Well initially we are working under some constraints:  First off EVE is a social game, just leaving a blank canvass in terms of intel would mean we would not know where our friend or enemies where, or for that matter our potential friends and enemies were.  Secondly we have the issue of Alts – which rather precludes a solution that provides (for example) just the location of fellow alliance members: this would be a trivial thing to abuse with spies and so forth.

In most cases our intel picture can be refined or developed in one of two ways:

The first is to be more aggressive (and in turn more obvious to others).  You could stand on a table in a crowded bar for example to get a better view – a more complete and accurate picture of who is around you and where: removing interference.  The sub commander could raise a periscope is another analogy.

The second is to build the picture over time – perhaps we stay still in the bar and watch as the crowd moves around us, or the sub commander could plot and record the reports from his sonar to determine the location of vessels and their headings.  In these cases the interference pattern remains but our picture is refined over time: becoming more focused as we add information.

Generally speaking the more passive and less obvious our intel gathering (or Observation) the more interference our picture suffers – you could hide in a box, unseen; but you’d have a hard time getting a really clear picture of what’s around you.

As it stands Local is pretty transparent and there’s no interference in terms of generating our picture other than the omission of ‘where’ a person is within the system. In this respect its quite aggressive but it does work both ways.  Its also immediate and thats another design hurdle CCP will have to overcome.  How much time and / or effort should go into developing a ‘picture’ of who is in a star system, where they are and what ship (or station) they’re in?  CCP have muted that WiS will provide an option to go ‘off grid’ which suggests to me at least that being docked will generate a level of interference in terms of picture development.  This will probably make most sense if applied from Space > Station – as being ‘invisible’ in the social environment of WiS sounds self defeating.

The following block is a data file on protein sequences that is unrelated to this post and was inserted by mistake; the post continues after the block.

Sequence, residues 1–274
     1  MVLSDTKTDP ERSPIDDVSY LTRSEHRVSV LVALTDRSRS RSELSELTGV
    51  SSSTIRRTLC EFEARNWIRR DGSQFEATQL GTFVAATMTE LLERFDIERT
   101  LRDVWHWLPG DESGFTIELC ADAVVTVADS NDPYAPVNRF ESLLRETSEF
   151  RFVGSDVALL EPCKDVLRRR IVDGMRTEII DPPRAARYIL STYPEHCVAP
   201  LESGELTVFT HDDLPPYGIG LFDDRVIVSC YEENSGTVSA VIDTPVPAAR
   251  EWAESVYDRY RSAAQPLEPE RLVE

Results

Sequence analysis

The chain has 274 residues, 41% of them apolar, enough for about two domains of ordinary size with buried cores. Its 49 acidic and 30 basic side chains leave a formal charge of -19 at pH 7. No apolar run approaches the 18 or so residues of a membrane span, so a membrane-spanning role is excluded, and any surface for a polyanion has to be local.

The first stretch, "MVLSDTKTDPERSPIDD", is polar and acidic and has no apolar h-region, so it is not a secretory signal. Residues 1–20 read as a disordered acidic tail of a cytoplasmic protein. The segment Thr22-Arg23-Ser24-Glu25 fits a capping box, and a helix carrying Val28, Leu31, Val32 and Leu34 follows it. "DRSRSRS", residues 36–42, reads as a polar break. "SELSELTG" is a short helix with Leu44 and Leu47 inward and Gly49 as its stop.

Notice also how the degree of passive (intel over time) vs aggressive (or active) intel gathering defines our OODA cycle.  Being aggressive means we can develop our picture fast, and therefore decide and act fast. A passive approach slows that cycle.  If we ‘decide’ and ‘act’ before our passive picture is complete the risk of those acts increases.

My hope is that CCP will provide an intel system that would cater to both approaches enabling players more tactical choice about how they want to gather intel.  There are of course inherent risks in such an approach: will the naturally cautious EVE player choose to be ultra passive, slowing EVEs pace to a crawl as players ‘creep’ about systems? Or will every player simply adopt the bull in the china shop approach (the equivalent of everyone standing on the bar table)?